8. Eggs

At only around $2 for a dozen, eggs are an excellent source of protein and can be made for any meal. Add chopped herbs or parmesan for an omelette; hard-boil for sandwiches; or make huevos with beans for dinner.

9. Lentils

My daughter had a college friend who made a pot of lentils every Sunday, and then ate them all week. He was really broke. I like lentils, but there is no way I could do that, even at a little over a buck a pound. Try them in stews, chilis, or even tacos and salads.

10. Peanut Butter

At around $2.50 per jar, we've all had our share of PB&J's, right? Peanut butter has moved on, though, to fancier stuff. Try combining it with a little sesame oil and rice wine vinegar for an Asian-inspired coleslaw dressing. One of my breakfast favorites is to spread it on toast and slice bananas on top.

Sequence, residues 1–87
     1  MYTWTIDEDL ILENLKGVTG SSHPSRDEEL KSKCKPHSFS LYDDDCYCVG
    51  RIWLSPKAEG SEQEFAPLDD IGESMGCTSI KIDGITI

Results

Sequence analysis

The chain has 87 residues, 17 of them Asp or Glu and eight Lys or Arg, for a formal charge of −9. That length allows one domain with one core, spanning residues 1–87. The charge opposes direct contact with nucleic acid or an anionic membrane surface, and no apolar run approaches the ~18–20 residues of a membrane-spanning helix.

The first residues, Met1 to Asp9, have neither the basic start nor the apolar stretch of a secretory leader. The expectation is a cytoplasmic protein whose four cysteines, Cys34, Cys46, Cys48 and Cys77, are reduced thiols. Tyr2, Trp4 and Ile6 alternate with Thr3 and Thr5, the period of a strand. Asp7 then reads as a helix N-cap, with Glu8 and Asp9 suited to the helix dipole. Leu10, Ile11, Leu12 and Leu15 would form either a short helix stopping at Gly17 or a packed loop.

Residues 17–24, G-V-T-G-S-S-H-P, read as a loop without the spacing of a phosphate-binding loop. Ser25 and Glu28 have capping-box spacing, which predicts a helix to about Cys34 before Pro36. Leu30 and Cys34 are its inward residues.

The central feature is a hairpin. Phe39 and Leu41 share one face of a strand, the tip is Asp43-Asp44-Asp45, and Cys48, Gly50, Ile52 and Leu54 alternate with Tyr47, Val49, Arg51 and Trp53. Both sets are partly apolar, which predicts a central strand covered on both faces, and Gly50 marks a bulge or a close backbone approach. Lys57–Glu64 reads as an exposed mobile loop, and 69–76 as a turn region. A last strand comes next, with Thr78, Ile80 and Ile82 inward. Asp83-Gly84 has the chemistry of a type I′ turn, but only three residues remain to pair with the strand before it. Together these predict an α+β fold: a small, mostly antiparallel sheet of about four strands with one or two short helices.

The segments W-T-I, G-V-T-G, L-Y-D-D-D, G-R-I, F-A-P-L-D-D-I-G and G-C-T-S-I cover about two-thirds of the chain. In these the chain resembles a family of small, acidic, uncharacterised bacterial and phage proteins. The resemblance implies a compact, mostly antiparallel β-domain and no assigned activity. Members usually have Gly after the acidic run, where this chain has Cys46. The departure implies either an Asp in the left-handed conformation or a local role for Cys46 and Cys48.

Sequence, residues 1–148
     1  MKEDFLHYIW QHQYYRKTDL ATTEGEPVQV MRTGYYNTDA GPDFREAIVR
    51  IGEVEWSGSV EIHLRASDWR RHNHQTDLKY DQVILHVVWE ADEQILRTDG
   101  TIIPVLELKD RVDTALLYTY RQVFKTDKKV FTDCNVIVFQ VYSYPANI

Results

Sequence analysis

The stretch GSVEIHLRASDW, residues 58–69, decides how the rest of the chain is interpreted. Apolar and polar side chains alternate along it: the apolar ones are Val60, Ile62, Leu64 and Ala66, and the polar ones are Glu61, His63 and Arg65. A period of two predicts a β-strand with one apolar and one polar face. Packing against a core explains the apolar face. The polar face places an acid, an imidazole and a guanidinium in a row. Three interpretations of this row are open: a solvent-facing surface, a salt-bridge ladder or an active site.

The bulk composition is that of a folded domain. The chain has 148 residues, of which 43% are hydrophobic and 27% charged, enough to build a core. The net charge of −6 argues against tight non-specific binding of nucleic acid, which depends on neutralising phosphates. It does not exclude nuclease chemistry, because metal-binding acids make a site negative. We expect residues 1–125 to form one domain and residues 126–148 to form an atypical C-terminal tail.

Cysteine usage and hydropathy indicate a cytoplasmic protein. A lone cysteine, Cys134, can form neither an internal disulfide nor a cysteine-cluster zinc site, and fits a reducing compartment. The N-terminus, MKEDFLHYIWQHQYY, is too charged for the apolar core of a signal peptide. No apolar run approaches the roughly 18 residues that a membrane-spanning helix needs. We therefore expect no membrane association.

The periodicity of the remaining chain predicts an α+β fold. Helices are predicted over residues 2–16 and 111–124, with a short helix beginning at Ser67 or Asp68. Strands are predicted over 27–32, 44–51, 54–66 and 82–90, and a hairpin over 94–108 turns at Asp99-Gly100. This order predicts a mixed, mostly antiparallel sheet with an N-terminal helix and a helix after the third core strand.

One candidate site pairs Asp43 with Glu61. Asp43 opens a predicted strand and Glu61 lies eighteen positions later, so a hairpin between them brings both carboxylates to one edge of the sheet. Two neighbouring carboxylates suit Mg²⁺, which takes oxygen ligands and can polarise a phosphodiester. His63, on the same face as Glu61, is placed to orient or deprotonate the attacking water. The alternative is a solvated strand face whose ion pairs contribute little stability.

11. Bananas

For around a dollar or two a pound, this fruit is not only filling but also contain Vitamins B6 and C, manganese, and magnesium. If you overbuy, freeze some (defrost slightly, mash, and make banana ice cream), or make pancakes or banana bread.

12. Apples

At only about a dollar a pound, apples contain fiber and antioxidants. Add them to salads, slice onto peanut butter and toast, or pack a snack with sliced apples and a little cheese. You can bake them until tender and drizzle with honey.

13. Herbs